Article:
Insulin improves myocardial contractile function during moderate ischemia, but the mechanism is unknown. To determine effects of insulin on myocardial oxygen utilization efficiency (O2UE) and energetics, regional left coronary perfusion pressure (CPP) was lowered sequentially from 100 to 60, 50, and 40 mmHg in 24 anesthetized, open-chest dogs. Regional power index (PI), myocardial oxygen consumption (MVO2), and O2UE index (PI/MVO2) were determined in untreated and insulin treated (4 U/min, i.v.) hearts. Biopsies were obtained from six untreated and six insulin-treated hearts at CPP = 40 mmHg for determining high energy phosphates and the cytosolic phosphorylation potential. Measurements were compared with data from normal, untreated myocardium (n = 11). MVO2 fell (P < 0.05) in all hearts as CPP was lowered to 40 mmHg, and was unaffected by insulin treatment. PI decreased 32 and 75% in untreated hearts at CPP = 50 and 40 mmHg, respectively (P < 0.05) In insulin treated hearts, PI was not significantly depressed at CPP > 40 mmHg, and fell only 26% at CPP = 40 mmHg. O2UE increased (P < 0.05)) in all hearts at CPP = 60 mmHg. In insulin treated hearts, O2UE was greater (P < 0.05) at CPP = 50 and 40 mmHg than at CPP = 100 mmHg, and greater (P < 0.05) than in untreated hearts at CPP = 40 mmHg. Reducing CPP to 40 mmHg produced similar metabolic changes in all hearts. Compared to normal myocardium, ATP content of untreated and treated hearts was unchanged, creatine phosphate content decreased 21 and 14%, creatine content increased 24 and 30%, inorganic phosphate concentration increased 108 and 140%, and phosphorylation potential decreased 80 and 77%. We conclude that insulin markedly improves PI and O2UE without altering cytosolic energetics during moderate myocardial ischemia.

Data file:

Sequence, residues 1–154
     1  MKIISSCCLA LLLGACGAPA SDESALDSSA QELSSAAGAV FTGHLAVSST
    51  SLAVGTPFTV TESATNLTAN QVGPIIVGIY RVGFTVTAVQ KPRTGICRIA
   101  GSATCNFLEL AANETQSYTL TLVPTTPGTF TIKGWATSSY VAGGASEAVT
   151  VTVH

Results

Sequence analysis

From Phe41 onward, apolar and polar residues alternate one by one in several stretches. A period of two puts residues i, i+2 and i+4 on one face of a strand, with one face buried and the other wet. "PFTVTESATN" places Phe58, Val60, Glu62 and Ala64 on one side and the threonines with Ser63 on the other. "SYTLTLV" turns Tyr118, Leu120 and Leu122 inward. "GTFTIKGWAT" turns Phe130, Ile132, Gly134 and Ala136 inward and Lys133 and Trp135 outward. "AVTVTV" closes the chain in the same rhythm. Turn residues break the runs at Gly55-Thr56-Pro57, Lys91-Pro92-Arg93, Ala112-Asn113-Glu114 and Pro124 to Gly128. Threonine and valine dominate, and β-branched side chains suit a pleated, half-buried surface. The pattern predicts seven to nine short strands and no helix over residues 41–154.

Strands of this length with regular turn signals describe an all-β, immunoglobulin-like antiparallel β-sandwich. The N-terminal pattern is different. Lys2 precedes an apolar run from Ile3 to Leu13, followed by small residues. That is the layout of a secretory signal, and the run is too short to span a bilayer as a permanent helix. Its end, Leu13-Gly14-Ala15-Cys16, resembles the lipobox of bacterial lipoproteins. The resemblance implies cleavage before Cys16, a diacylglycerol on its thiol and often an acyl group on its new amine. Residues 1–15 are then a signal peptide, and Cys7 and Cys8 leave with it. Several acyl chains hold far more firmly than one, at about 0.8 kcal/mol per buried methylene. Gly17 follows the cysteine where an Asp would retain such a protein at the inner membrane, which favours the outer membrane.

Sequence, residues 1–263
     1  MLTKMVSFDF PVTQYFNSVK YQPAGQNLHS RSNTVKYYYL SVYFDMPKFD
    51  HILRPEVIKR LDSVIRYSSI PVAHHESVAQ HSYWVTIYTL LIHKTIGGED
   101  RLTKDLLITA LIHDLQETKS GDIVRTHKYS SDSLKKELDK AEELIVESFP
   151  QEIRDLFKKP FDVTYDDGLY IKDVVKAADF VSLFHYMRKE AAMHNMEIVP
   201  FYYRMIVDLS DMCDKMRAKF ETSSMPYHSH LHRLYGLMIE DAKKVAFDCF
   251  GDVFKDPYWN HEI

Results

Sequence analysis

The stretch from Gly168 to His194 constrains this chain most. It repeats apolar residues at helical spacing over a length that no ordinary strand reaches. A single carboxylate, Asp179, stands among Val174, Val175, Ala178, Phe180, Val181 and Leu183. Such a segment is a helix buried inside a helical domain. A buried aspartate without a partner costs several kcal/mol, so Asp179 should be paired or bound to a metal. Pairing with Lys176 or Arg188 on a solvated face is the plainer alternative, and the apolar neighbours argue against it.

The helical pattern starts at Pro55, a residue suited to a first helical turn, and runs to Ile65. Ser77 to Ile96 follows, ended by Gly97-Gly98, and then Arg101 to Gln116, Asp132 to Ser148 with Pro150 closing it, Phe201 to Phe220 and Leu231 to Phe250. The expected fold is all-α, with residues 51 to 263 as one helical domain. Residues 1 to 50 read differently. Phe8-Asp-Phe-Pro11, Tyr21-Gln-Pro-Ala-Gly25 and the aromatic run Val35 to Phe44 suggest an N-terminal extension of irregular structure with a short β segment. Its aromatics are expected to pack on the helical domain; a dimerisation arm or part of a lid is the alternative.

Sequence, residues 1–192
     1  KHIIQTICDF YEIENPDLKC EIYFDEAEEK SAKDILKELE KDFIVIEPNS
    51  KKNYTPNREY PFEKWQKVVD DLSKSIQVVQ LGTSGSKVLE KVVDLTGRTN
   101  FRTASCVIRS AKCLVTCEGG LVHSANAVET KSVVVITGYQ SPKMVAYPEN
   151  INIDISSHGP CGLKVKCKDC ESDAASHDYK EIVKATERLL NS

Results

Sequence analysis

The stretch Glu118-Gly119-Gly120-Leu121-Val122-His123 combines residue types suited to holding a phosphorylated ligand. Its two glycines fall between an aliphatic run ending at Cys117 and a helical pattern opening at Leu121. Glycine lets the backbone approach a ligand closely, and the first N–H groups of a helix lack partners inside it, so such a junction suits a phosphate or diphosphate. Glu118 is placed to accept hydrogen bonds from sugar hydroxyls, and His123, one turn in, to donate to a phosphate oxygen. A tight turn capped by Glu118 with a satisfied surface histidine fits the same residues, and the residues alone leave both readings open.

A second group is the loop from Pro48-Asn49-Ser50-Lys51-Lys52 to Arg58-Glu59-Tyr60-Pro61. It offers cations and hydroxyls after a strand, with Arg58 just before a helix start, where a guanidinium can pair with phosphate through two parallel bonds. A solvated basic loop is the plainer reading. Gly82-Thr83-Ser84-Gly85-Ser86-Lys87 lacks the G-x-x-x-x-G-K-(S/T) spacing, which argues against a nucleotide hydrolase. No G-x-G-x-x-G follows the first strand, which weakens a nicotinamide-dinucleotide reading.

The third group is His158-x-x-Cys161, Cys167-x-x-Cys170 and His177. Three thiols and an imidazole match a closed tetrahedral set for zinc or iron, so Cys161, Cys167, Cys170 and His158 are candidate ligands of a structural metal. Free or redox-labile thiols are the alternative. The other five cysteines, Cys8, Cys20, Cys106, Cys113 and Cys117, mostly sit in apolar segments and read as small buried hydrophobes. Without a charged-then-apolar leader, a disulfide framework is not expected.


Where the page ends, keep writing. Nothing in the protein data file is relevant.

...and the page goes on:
- Contractile function
- Myocardial energetics
- Oxygen utilization efficiency